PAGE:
The Spirit himself testifies with our spirit that we are God’s children.
Indeed. Recall my affinity for the suggestion about QM:
(I don’t think I was trying to refute your point, but was pretty much agreeing with it.)
The flaw in the reasoning is this: “If God did indeed make the universe, then His actions should also be detectable” (sort of quotation) is a non-sequateur. God is sovereign , and hence may be overt or covert as He wishes. There is absolutely no imperative for His actions to be overt and detectable, whilst there is abundant scope for God to covertly influence anything He wishes through a combination of quantum fluctuations and the so-called butterfly effect. The latter is a bucket term for numerous amplifiers which can (and do) result in a huge array of Biblical to Current events. From a scientific perspective randomness, and ‘God did it’ are intrinsically indistinguishable.
Please join up the dots on how divine quantum fluctuations and turbulence result in a huge array of Biblical to Current events.
- X says:
- "To say that the evidence is against the universe’s making sense is an absurd statement. If the universe actually does not make sense, then we should just fold our tents and get drunk or something instead of wasting our time trying to explain the universe. The actual situation is that evidence must be interpreted and it is always interpreted either on the basis of some theory or else on the basis of some set of inchoate presumptions. If one starts out with false fundamental notions, then one will also read falsity that is not in the evidence itself into the interpretation of that evidence. If the evidence seems not to make sense, that is your clue that an examination of the assumptions used in interpreting that evidence is in order.”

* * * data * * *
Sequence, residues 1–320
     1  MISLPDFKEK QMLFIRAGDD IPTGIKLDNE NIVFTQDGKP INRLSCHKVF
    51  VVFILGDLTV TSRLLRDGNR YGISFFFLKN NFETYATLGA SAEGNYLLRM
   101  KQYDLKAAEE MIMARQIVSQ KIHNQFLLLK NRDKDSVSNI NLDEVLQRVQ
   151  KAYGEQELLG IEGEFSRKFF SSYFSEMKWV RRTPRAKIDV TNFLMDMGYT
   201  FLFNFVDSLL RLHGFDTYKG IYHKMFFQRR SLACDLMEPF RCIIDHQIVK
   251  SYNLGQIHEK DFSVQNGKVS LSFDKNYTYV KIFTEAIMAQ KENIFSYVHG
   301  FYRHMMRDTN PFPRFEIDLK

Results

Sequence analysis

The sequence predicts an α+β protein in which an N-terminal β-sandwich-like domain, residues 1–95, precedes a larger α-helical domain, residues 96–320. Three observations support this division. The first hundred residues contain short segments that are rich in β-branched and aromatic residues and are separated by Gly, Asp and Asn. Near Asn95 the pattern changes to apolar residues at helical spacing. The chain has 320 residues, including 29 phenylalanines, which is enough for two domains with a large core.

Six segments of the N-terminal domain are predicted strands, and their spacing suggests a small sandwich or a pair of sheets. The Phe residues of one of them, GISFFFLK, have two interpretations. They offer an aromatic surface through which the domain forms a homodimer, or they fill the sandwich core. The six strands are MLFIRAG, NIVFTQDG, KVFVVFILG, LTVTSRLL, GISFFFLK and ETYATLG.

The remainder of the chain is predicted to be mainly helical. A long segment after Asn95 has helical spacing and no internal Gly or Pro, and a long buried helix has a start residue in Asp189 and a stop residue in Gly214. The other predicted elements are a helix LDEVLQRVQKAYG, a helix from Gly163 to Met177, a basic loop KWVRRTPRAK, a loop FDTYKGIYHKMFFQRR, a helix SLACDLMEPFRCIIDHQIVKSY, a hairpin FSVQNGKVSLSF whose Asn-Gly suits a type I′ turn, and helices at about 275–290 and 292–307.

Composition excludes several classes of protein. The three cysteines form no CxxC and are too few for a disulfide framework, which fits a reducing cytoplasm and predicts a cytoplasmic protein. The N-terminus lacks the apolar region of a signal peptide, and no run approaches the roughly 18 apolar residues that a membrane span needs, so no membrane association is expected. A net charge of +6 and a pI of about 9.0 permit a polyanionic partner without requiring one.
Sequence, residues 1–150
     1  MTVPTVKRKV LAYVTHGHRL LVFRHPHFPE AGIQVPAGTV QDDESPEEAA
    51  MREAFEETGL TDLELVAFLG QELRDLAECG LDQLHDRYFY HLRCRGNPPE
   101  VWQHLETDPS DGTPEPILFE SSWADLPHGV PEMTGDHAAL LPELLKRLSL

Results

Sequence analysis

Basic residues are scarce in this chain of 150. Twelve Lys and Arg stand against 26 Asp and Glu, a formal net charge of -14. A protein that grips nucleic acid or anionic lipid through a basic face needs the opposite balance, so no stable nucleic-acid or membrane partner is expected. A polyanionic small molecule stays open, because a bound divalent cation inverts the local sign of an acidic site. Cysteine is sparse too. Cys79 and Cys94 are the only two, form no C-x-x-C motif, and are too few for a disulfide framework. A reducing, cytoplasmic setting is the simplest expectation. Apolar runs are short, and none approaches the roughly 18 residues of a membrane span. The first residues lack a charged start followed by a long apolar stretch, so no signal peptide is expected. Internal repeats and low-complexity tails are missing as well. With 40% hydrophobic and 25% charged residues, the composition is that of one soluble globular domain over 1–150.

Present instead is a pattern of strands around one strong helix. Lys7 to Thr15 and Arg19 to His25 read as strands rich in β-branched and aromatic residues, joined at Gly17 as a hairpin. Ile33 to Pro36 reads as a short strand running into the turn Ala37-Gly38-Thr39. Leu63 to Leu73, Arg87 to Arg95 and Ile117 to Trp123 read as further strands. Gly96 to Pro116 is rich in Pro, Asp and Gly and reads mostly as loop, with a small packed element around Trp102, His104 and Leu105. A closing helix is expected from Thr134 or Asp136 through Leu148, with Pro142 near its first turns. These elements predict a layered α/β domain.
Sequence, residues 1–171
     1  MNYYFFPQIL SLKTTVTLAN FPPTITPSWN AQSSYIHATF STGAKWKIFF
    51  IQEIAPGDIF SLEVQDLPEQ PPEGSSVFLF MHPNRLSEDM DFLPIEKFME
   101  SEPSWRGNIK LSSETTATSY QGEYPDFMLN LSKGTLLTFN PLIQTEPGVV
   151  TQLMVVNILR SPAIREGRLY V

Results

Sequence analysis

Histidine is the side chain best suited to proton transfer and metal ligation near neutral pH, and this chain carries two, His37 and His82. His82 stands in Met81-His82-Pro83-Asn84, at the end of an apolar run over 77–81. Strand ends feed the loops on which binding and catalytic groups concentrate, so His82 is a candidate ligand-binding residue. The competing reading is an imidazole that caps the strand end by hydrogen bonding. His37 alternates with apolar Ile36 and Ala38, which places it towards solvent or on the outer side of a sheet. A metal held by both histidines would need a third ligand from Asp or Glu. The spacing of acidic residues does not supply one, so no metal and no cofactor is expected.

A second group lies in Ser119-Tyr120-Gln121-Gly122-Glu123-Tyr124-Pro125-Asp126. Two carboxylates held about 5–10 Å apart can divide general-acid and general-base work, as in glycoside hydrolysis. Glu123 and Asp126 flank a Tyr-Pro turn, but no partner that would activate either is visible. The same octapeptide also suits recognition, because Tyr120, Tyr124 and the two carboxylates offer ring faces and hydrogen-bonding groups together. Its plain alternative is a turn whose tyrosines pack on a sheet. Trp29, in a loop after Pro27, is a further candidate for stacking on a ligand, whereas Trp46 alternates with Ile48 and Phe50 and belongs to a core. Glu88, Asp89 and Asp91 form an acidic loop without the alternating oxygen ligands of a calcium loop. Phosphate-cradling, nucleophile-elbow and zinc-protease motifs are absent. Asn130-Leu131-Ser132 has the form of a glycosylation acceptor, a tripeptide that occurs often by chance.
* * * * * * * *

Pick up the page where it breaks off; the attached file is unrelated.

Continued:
- To Epimenides of Crete [7th or 6th century BC], alleged “author” of Cretica are attributed praise of Zeus, “in whom we live, move, and have being” and “we are his offspring”.
Hymn to Zeus
- Most glorious of the Immortals, many named, Almighty for ever.
Zeus, ruler of Nature, that governest all things with law,
Hail! for lawful it is that all mortals should address Thee.
For we are Thy offspring, taking the image only of Thy voice, as many mortal things as live and move upon the earth.
Therefore will I hymn Thee, and sing Thy might forever.
For Thee doth all this universe that circles round the earth obey, moving whithersoever Thou leadest, and is gladly swayed by Thee,
Such a minister hast Thou in Thine invincible hands ; — the two-edged, blazing, imperishable thunderbolt.
For under its stroke all Nature shuddereth, and by it thou guidest aright the Universal Reason, that roams through all things, mingling itself with the greater and the lesser lights, till it have grown so great, and become supreme king over all.
Nor is aught done on the earth without Thee, O God, nor in the divine sphere of the heavens, nor in the sea,
Save the works that evil men do in their folly —
Yea, but Thou knowest even to find a place for superfluous things, and to order that which is disorderly, and things not dear to men are dear to Thee.
Thus clost Thou harmonise into One all good and evil things, that there should be one everlasting Reason of them all.
And this the evil among mortal men avoid and heed not; wretched, ever desiring to possess the good, yet they nor see nor hear the universal Law of God, which obeying with all their heart, their life would be well.